Published January 7, 2021
Leave it to Donald Trump’s brilliant subconscious instinct to top itself and, just at the end of his White House run, to stage a pageant that perfectly expressed his historic effrontery.
The ingredients were complex. The afternoon had a touch of Weimar about it—as if the butch side of Berlin in the 1920s (now represented by the screwballs from Q-anon and their lumberjack pals) had taken to the streets to respond to the pansexual, decadent universe of the Woke. And yet the stage setting (the white-marble wedding-cake Capitol, iconic and confectionery) and not a little of the plot came out of a Frank Capra movie, Mr. Smith Goes to Washington. So that beneath the shock and disgrace of the spectacle (the breaking of windows, the swarming, the penetration of the sanctum), there was a sort of botched innocence, as if the rioters were in fact Jefferson Smith’s Boy Rangers descending upon Washington to save America from the corruption of the Left.
But it did not turn out to be innocent. It turned into a kind of rape. It was possibly understandable (tout comprendre, c’est tout comprendre, as the French don’t say), but it was entirely unforgivable. A woman was shot dead by Capitol police, and three others have died from “medical emergencies.”
F. Scott Fitzgerald said that “personality is an unbroken series of successful gestures.” But personality may equally be a series of unsuccessful gestures. The Trumpian assault on the Capitol was stupendously unsuccessful—and yet, as outrage, as theater, as a gesture of the man himself, you’d have to admit it was perfectly authentic. The word Donald Trump fears above all others is Loser. The House and Senate had gathered to enact a civic ritual in which Trump would be officially—historically—declared a Loser. How could he tolerate that? How could he sit at one end of Pennsylvania Avenue, in the wreckage of his glory, while, at the other end of the avenue, his country, in solemn conclave assembled, pronounced him to be the thing he most despised and could not bear?
And so—an oxymoron—the loser succeeded. In his own way. He created spectacular disruption, and since gaining the world’s attention is the working definition of success in Trump’s world, he succeeded, in those terms, on the very day of his official failure.
I don’t want to be overcomplicated about it, but that is what was going on. That is why, for a few hours—and for what seemed an eternity to the world, as it watched—he refused to send forth the little tweet that might have stopped the monster that he had created and dispatched down to the other end of Pennsylvania Avenue to seek out Pence the traitor and change the reality of the day. To create a new reality.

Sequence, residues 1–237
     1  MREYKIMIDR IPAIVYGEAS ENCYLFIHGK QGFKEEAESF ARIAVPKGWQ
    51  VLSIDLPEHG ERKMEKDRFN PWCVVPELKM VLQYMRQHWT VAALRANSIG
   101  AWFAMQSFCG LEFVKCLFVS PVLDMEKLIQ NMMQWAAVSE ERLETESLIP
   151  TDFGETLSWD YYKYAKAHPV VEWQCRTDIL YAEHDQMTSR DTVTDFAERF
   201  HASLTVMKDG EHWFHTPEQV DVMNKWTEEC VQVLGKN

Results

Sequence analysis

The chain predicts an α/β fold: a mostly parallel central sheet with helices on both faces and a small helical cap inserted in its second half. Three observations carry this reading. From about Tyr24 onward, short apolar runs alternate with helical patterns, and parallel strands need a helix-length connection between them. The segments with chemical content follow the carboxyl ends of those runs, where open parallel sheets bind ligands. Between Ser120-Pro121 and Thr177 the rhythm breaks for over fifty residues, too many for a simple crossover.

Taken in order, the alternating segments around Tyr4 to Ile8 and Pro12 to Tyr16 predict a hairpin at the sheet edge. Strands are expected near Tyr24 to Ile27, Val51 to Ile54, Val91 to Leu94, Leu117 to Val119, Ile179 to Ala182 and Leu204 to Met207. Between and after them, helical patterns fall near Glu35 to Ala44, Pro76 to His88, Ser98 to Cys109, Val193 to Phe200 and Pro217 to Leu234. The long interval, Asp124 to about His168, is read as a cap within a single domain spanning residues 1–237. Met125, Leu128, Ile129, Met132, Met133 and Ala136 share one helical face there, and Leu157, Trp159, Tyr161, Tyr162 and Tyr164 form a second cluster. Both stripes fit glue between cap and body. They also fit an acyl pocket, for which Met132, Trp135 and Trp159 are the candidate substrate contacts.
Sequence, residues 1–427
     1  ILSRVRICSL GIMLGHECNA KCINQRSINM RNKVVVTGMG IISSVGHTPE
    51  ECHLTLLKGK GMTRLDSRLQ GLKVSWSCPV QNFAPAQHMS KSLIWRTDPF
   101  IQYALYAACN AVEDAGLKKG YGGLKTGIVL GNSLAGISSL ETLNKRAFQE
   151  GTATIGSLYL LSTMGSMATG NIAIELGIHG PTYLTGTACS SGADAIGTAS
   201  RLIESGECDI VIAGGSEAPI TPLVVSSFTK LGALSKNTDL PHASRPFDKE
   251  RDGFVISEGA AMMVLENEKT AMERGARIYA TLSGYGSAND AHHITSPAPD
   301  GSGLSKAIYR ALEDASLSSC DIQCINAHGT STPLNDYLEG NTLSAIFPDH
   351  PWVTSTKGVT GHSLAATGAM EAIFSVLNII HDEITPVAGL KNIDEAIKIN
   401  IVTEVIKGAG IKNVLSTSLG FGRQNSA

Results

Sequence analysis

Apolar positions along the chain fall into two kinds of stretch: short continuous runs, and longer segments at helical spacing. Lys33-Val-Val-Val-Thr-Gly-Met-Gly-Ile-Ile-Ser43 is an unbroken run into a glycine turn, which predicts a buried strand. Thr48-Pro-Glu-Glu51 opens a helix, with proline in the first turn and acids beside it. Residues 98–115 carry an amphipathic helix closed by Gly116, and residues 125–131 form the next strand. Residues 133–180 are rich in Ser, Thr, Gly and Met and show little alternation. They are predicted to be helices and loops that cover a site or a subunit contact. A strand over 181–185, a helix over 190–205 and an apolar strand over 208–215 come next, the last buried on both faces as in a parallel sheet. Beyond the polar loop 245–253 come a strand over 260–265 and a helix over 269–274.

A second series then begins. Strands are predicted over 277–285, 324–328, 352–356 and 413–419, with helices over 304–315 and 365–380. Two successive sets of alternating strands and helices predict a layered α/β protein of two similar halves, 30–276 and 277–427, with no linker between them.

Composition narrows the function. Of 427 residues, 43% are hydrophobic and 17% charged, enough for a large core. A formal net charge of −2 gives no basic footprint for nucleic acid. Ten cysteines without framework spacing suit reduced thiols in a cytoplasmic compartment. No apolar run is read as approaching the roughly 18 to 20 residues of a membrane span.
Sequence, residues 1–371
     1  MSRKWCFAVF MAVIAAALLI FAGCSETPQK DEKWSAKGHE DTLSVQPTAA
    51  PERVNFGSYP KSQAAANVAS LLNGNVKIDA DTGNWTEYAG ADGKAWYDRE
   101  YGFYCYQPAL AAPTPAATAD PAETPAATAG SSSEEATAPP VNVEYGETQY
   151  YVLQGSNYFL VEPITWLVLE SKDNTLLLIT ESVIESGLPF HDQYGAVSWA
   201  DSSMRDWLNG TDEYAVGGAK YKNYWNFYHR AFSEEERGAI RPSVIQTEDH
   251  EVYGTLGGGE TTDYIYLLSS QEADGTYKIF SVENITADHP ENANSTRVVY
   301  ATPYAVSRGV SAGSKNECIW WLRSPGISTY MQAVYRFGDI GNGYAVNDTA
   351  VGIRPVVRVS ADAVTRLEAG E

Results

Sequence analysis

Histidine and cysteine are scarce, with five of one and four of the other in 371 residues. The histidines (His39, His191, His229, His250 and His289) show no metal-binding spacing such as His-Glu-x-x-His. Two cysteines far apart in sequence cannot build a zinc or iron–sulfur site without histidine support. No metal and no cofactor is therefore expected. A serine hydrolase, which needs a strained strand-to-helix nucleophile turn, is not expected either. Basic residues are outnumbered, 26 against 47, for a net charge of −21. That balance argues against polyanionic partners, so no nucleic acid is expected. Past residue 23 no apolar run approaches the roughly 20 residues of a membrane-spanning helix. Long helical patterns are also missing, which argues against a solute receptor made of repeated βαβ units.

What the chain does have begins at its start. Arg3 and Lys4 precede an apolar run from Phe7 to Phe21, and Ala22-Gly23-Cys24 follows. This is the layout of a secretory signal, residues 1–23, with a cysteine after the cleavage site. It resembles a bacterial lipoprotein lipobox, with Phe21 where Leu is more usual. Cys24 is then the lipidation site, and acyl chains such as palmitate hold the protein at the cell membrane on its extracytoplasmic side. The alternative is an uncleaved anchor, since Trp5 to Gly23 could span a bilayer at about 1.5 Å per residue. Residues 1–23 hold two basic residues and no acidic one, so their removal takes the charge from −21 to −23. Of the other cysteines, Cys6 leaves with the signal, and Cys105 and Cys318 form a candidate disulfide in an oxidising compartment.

He certainly did that. But at a terrible price to himself and to the nation. History will remember—it already remembers—January 6 as the day that Donald Trump, the strangest of American presidents, it is fair to say, committed a sort of suicide. In 1960, John Kennedy pronounced a private verdict on his opponent in that year’s election, Richard Nixon. “No class,” said Kennedy. That was about right. Trump, in the gaudy seppuku of January 6, took the possibilities of “no class” into an entirely new dimension. Setting a mob in motion to march down Pennsylvania Avenue to assault, in effect, the Constitution of the United States.
Trump’s defenders—and plenty will go on doing so—say things might have been worse, and that they damned well would have been worse in the counterfactual: that is, if Trump on November 3 had repeated his 2016 feat of eking out an Electoral College victory even while losing the popular vote. Imagine, they say, what riots, what mayhem the American Left would have organized in response to that. If that sounds like an unfair speculation, conjuring leftist mayhem out of nothing, think back to last summer, when the Left was perfecting the details of its street theater—rioting, setting fires, looting, besieging courthouses, occupying police precincts. The compliant media invariably described these as “overwhelmingly peaceful protests”—a journalistic formula, like “far-darting Apollo” or “the rosy-fingered dawn.” They were “overwhelmingly peaceful demonstrations.” Except when they were violent.
After the siege of the Capitol was over, a Trump supporter, while admitting that the thing had been pretty bad, suggested that, for the sake of perspective, I ought to remember the day in 1992 when tens of thousands of Hindus stormed the Babri Masjid mosque in the northern India city of Ayodhya and, because they held the site to be the birthplace of the Hindu deity Ram, demolished the mosque. More than 1,000 people, mostly Muslims, died.
Pondering Ayodhya would not seem much of a consolation to Americans, many of whom still think of their country in terms of the Frank Capra movie.
Did Trump destroy himself on January 6? Did he, as people are saying, cover himself in “infamy”—that absolute word from which there is no appeal? (Franklin Roosevelt described December 7, 1941, as a “date which will live in infamy,” and that drama ended, a few years later, in the absolute gesture of Hiroshima.)
Or did Trump, on the contrary, only augment the myth of himself? I would not be too quick to answer. Seventy-four million Americans voted for Trump, and while some will abandon him now, many will continue to apply the rationale—the Trump Exemption—that they always invoke when they think of him and accept his faults in order to embrace what they see as his strength: Tout comprendre, c’est tout pardonner.